Brent Island, one of two farms Cermaq Canada operated in the Discovery Islands.

Focus on science and regulation, Canada’s fish farmers tell DFO

Development and promotion of industry ‘should be moved to avoid conflict of interest claims’


Canadian fish farmers have suggested that aquaculture development and promotional activities by Fisheries and Oceans Canada (DFO) should be hived off to better support the reputation of the government department’s science and regulation.

The Canadian Aquaculture Industry Association (CAIA) believes development and promotion would be better given to the Department of Agriculture and Agri-Food (AAFC).

The recommendation to MPs comes in the wake of the decision in December 2020 by the then fisheries minister, Bernadette Jordan, to close 19 salmon farms in the Discovery Islands, British Columbia, despite advice from her own department’s scientists that the farms did not pose a threat to wild fish.

Her successor as fisheries minister, Joyce Murray, has questioned some of the DFO’s science, and some anti-salmon farming activists have accused government scientists of being in the pocket of the salmon industry.

Hundreds of jobs lost

Stressing the importance of science-based decisions in a submission to the Canadian parliament’s Standing Committee on Fisheries and Oceans, the CAIA said: “The 2020 Ministerial decision to close salmon farms in BC’s Discovery Islands provides a stark example of how damaging it is when Ministerial decisions fail to reflect sound scientific advice.

“In April 2022, the federal court overturned the December 2020 decision by the Minister, finding that due process had not been followed by the Minister, including failure to consider science advice provided to the Minister.

“Tragically, in the interim between the Minister’s decision and the federal court decision, millions of healthy fish had to be culled, hundreds of people lost their jobs during an already difficult and stressful period of time, BC’s top agri-food export was reduced while supply chains were stressed, and there was a national chill on investment that included the cancellation or delay of equipment and technology that would improve production and environmental performance.”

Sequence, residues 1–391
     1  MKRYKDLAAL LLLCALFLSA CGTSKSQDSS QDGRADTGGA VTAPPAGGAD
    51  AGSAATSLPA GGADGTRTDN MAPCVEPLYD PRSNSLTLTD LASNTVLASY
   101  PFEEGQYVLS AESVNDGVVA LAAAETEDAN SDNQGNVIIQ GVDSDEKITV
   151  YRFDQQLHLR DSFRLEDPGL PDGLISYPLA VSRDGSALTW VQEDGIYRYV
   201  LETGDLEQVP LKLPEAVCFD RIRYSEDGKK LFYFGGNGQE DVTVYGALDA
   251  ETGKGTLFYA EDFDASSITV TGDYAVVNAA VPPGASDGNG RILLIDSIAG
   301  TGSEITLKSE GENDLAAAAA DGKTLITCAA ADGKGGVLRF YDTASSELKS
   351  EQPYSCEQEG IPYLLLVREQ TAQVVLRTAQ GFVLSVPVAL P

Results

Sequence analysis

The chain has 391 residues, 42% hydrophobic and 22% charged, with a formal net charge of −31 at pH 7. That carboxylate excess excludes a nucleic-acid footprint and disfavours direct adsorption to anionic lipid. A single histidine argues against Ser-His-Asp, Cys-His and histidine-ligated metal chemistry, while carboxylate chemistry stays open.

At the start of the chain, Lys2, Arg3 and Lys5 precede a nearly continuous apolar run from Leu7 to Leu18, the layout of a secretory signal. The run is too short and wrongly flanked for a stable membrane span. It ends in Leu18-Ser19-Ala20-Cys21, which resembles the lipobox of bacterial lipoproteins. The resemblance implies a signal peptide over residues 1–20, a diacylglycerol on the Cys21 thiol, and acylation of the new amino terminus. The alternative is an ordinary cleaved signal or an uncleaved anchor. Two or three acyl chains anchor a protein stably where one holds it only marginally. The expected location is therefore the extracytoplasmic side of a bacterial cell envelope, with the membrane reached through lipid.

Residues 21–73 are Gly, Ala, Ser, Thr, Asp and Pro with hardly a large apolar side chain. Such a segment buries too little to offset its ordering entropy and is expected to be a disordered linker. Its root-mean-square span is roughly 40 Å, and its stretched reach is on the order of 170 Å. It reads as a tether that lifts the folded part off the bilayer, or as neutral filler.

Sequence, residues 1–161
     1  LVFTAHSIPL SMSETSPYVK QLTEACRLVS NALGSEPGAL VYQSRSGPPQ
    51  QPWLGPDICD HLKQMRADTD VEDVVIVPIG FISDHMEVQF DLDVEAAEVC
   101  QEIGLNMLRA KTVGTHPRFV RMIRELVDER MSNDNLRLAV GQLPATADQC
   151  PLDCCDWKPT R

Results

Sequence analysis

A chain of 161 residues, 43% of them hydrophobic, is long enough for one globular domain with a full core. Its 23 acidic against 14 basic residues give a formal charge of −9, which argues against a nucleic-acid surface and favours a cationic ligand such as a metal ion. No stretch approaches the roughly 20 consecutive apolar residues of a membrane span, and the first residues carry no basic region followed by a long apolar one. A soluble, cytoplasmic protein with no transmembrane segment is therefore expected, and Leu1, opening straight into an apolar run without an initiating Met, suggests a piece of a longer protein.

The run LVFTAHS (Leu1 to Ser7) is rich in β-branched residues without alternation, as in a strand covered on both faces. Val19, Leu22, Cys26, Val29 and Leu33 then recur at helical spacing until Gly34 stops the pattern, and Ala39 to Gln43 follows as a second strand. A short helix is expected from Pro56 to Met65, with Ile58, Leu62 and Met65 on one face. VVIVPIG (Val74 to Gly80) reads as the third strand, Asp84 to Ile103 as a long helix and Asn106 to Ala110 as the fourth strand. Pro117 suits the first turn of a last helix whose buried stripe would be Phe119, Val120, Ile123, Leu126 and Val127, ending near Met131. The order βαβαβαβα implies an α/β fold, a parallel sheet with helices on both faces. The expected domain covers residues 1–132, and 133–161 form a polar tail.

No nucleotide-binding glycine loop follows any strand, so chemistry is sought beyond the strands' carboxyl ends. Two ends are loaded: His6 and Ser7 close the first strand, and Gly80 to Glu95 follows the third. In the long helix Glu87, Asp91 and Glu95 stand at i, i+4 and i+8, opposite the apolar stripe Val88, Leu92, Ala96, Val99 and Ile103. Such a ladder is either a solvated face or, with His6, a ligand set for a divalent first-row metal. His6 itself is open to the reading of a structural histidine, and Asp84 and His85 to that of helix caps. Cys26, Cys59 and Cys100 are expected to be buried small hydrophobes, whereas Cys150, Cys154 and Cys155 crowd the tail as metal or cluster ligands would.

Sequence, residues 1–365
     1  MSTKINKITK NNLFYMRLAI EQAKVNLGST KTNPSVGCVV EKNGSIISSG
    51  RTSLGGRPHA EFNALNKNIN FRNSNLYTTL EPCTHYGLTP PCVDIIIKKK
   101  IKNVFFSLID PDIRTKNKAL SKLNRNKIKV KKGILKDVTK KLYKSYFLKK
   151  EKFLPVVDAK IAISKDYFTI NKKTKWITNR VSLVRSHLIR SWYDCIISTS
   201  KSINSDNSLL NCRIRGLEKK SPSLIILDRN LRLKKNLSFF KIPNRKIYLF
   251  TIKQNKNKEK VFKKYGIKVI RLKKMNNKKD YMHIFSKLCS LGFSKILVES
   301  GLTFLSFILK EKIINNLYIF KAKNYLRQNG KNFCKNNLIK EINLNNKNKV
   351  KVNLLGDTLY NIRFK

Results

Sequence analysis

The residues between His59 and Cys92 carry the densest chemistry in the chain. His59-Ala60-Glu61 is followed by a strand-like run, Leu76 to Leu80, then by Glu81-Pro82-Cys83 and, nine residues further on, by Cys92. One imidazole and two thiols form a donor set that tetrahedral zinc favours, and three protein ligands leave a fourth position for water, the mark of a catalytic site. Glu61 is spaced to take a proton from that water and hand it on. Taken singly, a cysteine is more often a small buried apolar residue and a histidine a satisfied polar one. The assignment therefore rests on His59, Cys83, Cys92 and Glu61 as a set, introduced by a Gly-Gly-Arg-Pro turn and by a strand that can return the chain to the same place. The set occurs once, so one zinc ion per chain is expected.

Trust undermined

The CAIA added that public trust in the agri-food system and regulators is of paramount importance for the future of seafood production and trust in science and the regulator is undermined “when Ministers of the Crown and MPs broadly condemn and criticise government science evaluation processes, often in response to extreme activist voices, without proposing reasonable and specific ideas for improvement”.

The aquaculture organisation said one criticism directed at DFO regarding its management of aquaculture is that a “mixed mandate” at DFO between science/regulation and promotion of the aquaculture sector is a conflict that should be addressed.

Objectivity of science

“We believe that as aquaculture is a farming sector, and Agriculture and Agri-Food Canada (AAFC) is structured to support the Canadian farming sector’s development, that these responsibilities should move to AAFC,” said the CAIA. “This will assist in re-building greater public trust in objectivity of the science and regulatory capacity at DFO and address any perceived conflicts of interest.

“For aquaculture, DFO should focus on science and regulation, while promotional and sector development responsibilities should move to AAFC.”

The CAIA said it believed both the aquaculture industry and industry critics would support such a move.

Read the CAIA’s full submission here.